Despite hits to consumer confidence and disappointing Chinese industrial data, the S&P 500 kept calm and carried on, rising 0.6% on the week to bring its return to a remarkable 9.4% for the young year. Since the depths of the financial crisis, $10 trillion has returned to U.S. equities, and the S&P has been quite a willing beneficiary of that influx, as corporate profits surge. The benchmark flirted with all-time highs this week.
Most investors aren't fully invested in all 500 S&P companies at once; however, there are simple ways to gain that sort of exposure. Exchange-traded funds, or ETFs, are simple instruments the individual can use to invest in entire markets with the click of a button.
There are a lot of ETFs to choose from, but today we'll put an eye to four of them in particular, what they consist of, and how they've been performing recently:
SPDR S&P 500 Trust
Seeking to mimic the returns of the index it represents, the ETF tracking the S&P seems like a good place to start. While the performance won't be exactly in line with the index, it's generally pretty close. An expense ratio of just 0.11% per year is a small cost to pay to own 500 of the most esteemed companies in the United States. As it goes "ex-dividend" on Friday, part of the reason returns don't stack up to the actual index for the week and the year is that investors sold off after they knew they were going to receive the dividend payment.
iShares Russell 2000 Index Fund
Tracking small-cap U.S. equities, this ETF continues to be a stellar performer, registering a second straight week as the top fund examined. One of the sectors it's most exposed to is financials, which, after data from stress tests boosted some of the major players, rallied to 52-week highs, helping the Russell 2000 Index reach all-time highs of its own.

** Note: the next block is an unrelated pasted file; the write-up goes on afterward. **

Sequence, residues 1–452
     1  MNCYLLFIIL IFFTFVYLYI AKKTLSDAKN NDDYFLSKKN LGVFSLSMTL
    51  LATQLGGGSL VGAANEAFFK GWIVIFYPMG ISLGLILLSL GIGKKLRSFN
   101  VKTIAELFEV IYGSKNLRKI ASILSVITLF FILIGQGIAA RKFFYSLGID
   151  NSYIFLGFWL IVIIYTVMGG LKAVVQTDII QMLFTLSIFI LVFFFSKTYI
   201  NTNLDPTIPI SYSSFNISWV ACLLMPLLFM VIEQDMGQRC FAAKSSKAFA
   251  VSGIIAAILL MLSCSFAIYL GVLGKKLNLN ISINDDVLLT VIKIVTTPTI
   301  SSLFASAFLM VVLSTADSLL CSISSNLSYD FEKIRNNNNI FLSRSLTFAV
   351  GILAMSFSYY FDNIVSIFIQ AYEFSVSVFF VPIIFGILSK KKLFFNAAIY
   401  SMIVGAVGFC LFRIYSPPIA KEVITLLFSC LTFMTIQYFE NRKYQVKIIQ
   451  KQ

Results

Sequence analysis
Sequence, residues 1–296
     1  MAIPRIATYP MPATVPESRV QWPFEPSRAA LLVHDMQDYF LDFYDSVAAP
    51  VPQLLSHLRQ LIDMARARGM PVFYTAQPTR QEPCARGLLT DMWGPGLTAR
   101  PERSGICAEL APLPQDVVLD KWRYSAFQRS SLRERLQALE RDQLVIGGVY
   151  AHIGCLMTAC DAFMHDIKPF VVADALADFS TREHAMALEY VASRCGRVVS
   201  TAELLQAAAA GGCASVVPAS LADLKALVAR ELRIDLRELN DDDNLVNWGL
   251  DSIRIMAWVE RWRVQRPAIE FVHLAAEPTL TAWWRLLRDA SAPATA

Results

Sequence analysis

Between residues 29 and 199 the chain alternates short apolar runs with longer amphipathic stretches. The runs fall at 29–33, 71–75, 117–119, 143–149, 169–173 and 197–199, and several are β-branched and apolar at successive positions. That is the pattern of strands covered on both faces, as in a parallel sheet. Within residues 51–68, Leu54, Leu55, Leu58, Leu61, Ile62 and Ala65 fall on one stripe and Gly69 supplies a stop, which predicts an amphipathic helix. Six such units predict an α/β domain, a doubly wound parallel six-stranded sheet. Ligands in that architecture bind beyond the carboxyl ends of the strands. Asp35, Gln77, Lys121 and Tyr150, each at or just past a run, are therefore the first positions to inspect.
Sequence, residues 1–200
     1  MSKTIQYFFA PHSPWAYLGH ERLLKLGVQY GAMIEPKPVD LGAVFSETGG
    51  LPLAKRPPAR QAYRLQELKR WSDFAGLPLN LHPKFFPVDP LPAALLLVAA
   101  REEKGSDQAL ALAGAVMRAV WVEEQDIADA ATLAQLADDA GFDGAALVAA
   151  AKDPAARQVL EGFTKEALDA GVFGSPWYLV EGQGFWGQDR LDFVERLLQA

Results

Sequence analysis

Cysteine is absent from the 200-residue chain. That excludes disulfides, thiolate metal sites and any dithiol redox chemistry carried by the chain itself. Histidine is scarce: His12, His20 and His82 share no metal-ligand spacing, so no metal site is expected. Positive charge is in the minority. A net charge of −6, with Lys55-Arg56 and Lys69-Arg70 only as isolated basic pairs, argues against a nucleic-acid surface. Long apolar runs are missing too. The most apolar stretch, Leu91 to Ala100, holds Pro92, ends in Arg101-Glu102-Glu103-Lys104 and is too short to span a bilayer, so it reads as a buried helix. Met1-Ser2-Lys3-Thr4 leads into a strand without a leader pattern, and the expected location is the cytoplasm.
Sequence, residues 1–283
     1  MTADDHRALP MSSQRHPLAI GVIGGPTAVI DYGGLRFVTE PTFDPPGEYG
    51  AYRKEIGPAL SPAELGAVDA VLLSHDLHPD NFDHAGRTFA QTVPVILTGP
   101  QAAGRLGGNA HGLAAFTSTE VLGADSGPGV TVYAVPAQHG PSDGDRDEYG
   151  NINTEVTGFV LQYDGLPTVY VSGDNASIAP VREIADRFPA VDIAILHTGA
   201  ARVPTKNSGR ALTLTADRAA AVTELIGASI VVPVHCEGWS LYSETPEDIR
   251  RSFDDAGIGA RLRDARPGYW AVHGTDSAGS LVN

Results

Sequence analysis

iShares MSCI Emerging Markets Index Fund
On the other side of the performance spectrum sits this emerging-markets fund, which continued its bleak performance this week on the heels of weak industrial numbers from China. Though the 9.9% advance in production through January and February would be remarkable by U.S. standards, the Chinese economy has a track record of even higher growth, and with Chinese investments comprising nearly one-fifth of the holdings, it's no surprise a lackluster showing in Asia hurt the fund.
SPDR Dow Jones Industrial Average ETF Trust
Lastly, let's look at an ETF tracking one of the most oft-cited indexes in the financial landscape. Nothing to go crazy about in the weekly performance, to be sure, but keep in mind that blue-chip stocks have been setting all-time records day after day, and only on Friday did the index break its legendary 10-day run, the best since 1996. Paying a mere 0.17% per year to gain exposure to 30 of the most esteemed and dominant companies in America is a small price to pay, especially when corporate profits are enjoying what some have labeled as a "golden age."
To learn more about a few ETFs that have great promise for delivering profits to shareholders in a recovering global economy, check out The Motley Fool's special free report "3 ETFs Set to Soar During the Recovery." Just click here to access it now.
The article Snapshot: ETF Performance Last Week originally appeared on Fool.com.
Fool contributor John Divine has no position in any stocks mentioned. You can follow him on Twitter, @divinebizkid, and on Motley Fool CAPS, @TMFDivine.The Motley Fool has no position in any of the stocks mentioned. Try any of our Foolish newsletter services free for 30 days. We Fools don't all hold the same opinions, but we all believe that considering a diverse range of insights makes us better investors. The Motley Fool has a disclosure policy.
Copyright © 1995 - 2013 The Motley Fool, LLC. All rights reserved. The Motley Fool has a disclosure policy.